The FT has an interesting piece about clients poaching agency staff to fill in-house positions. It claims that "current levels of client poaching pose a major challenge for the industry." This makes little sense. Agency staff often move in-house. Of course, there will be times in the economic cycle when it’s more prevalent (more in a downturn than an upturn as now) and times in a year when churn is common (e.g. after vacations when people have time to ponder their lot). But logically it can’t be a challenge since the rules of supply and demand preclude excess staff pilfering.
The large companies cited, such as Accenture and Microsoft, need agencies. It’s not an ‘either or’ situation – they need agency support to bring depth and breadth to their campaigns. So while the balance between agency staff numbers and in-house staff numbers may waver, the overall industry will not be endangered.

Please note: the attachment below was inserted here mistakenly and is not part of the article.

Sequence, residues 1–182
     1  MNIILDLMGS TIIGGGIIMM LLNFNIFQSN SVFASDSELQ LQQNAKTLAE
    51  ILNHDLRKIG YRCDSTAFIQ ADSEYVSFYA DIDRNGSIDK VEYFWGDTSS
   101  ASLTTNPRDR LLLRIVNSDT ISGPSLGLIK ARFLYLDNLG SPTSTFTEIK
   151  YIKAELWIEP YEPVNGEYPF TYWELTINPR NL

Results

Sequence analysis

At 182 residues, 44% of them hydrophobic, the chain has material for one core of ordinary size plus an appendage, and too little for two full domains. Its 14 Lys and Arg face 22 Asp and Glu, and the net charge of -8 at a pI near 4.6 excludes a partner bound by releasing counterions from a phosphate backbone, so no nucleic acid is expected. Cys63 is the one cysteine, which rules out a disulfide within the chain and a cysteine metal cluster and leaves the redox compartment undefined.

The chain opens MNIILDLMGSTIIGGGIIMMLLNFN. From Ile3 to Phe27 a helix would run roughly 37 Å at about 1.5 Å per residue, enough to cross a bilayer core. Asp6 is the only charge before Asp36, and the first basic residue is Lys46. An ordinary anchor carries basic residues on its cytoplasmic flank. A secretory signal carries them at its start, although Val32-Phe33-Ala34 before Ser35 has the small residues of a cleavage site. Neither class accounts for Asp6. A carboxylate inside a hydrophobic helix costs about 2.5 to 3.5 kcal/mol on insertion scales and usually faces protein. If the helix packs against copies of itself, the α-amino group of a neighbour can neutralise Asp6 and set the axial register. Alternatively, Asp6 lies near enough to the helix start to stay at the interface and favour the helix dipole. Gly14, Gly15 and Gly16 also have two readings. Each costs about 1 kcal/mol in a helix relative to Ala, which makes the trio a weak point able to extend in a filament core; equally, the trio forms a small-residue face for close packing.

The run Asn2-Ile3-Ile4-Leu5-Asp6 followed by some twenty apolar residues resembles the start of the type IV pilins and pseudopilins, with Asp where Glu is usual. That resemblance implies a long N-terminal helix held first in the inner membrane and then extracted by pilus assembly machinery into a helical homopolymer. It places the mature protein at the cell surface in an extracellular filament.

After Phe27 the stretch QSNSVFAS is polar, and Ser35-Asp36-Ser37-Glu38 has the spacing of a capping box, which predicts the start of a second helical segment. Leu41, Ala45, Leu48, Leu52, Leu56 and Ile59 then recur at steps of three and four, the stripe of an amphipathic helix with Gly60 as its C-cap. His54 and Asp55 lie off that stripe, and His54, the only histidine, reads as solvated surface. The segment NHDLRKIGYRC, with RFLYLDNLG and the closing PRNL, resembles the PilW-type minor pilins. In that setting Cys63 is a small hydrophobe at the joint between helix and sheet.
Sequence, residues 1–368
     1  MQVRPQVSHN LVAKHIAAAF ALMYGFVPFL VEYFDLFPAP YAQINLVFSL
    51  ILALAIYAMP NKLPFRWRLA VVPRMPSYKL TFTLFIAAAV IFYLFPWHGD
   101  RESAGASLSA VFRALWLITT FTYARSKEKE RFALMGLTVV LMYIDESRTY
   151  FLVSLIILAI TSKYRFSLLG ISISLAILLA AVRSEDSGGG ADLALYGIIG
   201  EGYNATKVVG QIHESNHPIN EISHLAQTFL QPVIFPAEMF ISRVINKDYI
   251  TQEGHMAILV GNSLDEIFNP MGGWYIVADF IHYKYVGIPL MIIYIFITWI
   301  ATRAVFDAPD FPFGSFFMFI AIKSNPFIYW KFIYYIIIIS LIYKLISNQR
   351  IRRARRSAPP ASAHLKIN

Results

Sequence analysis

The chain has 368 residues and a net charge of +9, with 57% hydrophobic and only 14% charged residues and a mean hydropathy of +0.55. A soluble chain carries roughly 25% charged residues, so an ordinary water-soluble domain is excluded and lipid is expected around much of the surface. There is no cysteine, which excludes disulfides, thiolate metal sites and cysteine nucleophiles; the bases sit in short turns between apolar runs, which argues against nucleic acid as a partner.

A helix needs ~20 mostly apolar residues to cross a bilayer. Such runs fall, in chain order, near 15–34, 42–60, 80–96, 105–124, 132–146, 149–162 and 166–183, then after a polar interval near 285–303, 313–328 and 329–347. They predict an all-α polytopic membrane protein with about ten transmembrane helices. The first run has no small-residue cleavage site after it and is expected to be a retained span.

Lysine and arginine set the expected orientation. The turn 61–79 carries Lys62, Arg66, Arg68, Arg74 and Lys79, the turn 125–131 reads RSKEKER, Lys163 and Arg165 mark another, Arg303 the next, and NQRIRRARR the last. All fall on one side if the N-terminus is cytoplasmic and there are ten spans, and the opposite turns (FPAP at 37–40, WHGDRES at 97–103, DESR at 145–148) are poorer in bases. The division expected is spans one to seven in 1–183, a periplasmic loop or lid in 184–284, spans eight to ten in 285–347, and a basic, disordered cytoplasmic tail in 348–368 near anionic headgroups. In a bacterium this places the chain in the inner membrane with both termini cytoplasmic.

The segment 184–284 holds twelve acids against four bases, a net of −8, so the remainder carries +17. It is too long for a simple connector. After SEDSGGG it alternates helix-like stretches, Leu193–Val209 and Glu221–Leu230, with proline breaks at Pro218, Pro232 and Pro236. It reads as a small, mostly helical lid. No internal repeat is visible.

Curiously the piece goes on to claim that such poaching is damaging to agencies. This from an un-named source to whom it has happened three times in one year. Well, most savvy agency principals recognize this is a potential risk and take steps to prevent it. After all, it’s pretty tempting from a client’s perspective to take a strong agency team member in-house. So it’s wise to take precautions. You don’t want clients stealing your product so a contractual deterrent pays dividends.
Personally, I think it’s an asset if former-staff eventually end up client-side. They know the agency, and frequently they’ve appointed the firm on the basis of track record, trust and low risk. I can’t see how that will bring us to our knees.